Batman’s massive popularity in the UK even led to Adam West making a Public Information Film in the UK showing children how to cross the road safely. For some reason the producers of these films always seem to think a famous person would hammer the point home more effectively. Maybe they were right but when you think of the many other ‘celebrities’ who, over the years, also helped children across the road it does make you wonder. Recently departed Dave Prowse (Darth Vader) as ‘Green Cross Man,’ Alvin Stardust (You must out of your tiny minds.…), Les Gray of Mud, Boxer Joe Bugner, footballer Kevin Keegan and John ‘Dr Who‘ Pertwee with his frankly baffling ‘SPLINK’ campaign. Out of that lot I’d listen to Batman every time. He’s more believable.
Another campaign that Batman and Robin got behind, that few will remember, involved children launching themselves out of high buildings. Or so we were led to believe by some tabloid newspapers. Whenever something takes off (wrong description maybe!) like Batman did in 1966, people look for the downside of the fandom and phenomenon. According to some newspapers, children, believing Batman could fly, were emulating him by jumping out of high windows, although I don’t remember a single specific incident of this type being reported. Any young child, like myself at the time, would have known full well that Batman, unlike Superman, could not fly. They’d watch the TV programme, read the comics or talk to other Batman fans. Another example of the media wrongly believing children to be stupid. Anyway, Batman was asked to nip this supposed pernicious behaviour in the bud. And at the end of certain episodes a short insert was tagged on. Batman and Robin would speak directly to their young viewing public and remind them that Batman could not fly.
As with any phenomenon, irrespective of how short-lived, the spin-off memorabilia was huge. For a while everything was Batman related. Action figures, sweets, outfits, toy cars, posters and sundry other memorabilia were everywhere.
My own personal favourite out of all this Batman-related tat were the trading cards which were released in 1966. Three different versions (black, red and blue symbols) were available, each with either a description of the scene depicted or part of a larger puzzle on the back which could be constructed when all the relevant cards had been collected. The cards showed scenes which included Batman’s most prolific foes such as The Joker, The Riddler, Catwoman and The Penguin as well as a few newly created adversaries such as the supernatural Jack Frost and even some dinosaurs. The lack of authenticity of some of the cards to the TV series certainly didn’t put us off collecting all three series. Some of the cards also depicted scenes from the TV series. Although essential collecting for the 6/7/8 year old, I don’t quite remember the same frisson of excitement one felt when collecting the Civil War News or Battle cards of a couple of years previously. (See Aiieee!: the Blood-Soaked Realm of 60s Children’s Trading Cards below). By the time the cards became available, Batman’s popularity was on the wane slightly.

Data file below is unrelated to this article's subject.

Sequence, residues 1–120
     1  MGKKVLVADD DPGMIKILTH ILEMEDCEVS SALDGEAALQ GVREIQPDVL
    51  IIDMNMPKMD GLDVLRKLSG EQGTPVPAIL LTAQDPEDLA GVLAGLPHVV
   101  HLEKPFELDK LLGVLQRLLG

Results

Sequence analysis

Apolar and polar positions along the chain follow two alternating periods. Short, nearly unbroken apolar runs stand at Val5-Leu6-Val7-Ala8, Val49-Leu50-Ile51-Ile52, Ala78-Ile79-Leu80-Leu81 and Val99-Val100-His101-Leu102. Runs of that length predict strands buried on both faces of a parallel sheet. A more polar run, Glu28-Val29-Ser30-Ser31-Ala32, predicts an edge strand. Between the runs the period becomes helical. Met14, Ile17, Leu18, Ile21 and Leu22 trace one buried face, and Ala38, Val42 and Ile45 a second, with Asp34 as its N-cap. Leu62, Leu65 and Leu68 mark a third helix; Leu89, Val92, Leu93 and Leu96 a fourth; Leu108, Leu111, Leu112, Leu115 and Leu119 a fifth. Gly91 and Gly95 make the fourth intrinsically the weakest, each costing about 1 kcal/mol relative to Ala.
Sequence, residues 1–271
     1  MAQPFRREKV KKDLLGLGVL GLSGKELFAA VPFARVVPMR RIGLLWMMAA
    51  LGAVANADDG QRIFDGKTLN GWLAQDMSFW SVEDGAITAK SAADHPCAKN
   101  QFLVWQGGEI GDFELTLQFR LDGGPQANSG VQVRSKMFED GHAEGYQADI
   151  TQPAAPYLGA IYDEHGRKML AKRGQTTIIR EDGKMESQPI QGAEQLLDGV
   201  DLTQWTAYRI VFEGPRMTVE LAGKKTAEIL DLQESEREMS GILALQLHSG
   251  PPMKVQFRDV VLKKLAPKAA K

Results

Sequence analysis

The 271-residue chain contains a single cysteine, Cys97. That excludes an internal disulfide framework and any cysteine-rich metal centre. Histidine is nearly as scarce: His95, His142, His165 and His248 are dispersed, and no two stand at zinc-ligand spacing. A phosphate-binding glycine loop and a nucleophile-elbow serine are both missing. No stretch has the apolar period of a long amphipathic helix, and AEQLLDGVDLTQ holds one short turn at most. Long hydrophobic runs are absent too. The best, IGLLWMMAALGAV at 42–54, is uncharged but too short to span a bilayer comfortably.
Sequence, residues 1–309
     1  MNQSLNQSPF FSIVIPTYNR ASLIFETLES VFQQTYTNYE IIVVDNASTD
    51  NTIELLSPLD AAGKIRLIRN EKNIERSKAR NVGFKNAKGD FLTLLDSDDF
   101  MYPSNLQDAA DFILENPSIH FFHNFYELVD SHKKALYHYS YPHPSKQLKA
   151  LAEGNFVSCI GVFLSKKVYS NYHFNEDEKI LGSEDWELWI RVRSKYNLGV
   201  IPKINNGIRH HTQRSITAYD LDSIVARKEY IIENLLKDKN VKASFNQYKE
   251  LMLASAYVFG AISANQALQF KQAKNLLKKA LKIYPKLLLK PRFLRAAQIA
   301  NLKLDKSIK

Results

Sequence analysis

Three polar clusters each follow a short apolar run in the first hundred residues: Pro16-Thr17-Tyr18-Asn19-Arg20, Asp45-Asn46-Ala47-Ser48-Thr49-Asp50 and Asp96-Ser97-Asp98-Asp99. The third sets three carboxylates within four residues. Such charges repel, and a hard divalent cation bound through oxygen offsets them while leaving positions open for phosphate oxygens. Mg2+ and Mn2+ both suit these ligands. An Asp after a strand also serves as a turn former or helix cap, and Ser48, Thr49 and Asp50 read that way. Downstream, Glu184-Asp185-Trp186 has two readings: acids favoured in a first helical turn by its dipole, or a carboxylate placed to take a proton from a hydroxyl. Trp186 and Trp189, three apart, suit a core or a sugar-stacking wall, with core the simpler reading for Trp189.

Like all, mainly male, 7 year olds in 1966 I received a toy Batmobile for my Christmas. Unlike much Bat-related merchandise of the time, Batmobiles were high quality, sturdy items made of metal. When you rolled them along the ground orange plastic flames emerged from the back exhaust of the vehicle, small cannons at the back could launch missiles (which you’d lost by Christmas afternoon) and a metal cutting tool (I think that’s what it was, I was never that sure) which could be pulled out on the front bonnet. Like James Bond‘s car, the Aston Martin DB5 which was popular around the same time, these toys are worth a small fortune now and, of course, I have no idea what happened to mine.
To be honest, I’d lost some interest by the time series 3 came along. There seemed to be a plethora of strange and sometimes not very engaging characters and it didn’t seem the same when The Joker, The Riddler, The Penguin and Catwoman were not involved. I think I now appreciate these episodes more as an adult but this wonderful highly stylised, highly camp treatment of Batman maybe had a relatively short shelf-life, like a very expensive, flamboyant meal. The first few courses would be amazing but eventually you’d have had enough. But for a couple of years in the mid-60s Batman was a hugely important element of the zeitgeist and Adam West and Burt Ward’s brilliant portrayal of the Dynamic Duo as well as the over-the-top characters made it essential viewing.
So if you want an excursion that is still as cool, camp and clever now as it was all those years ago, you know where to go.
Same Bat-time, same Bat-channel…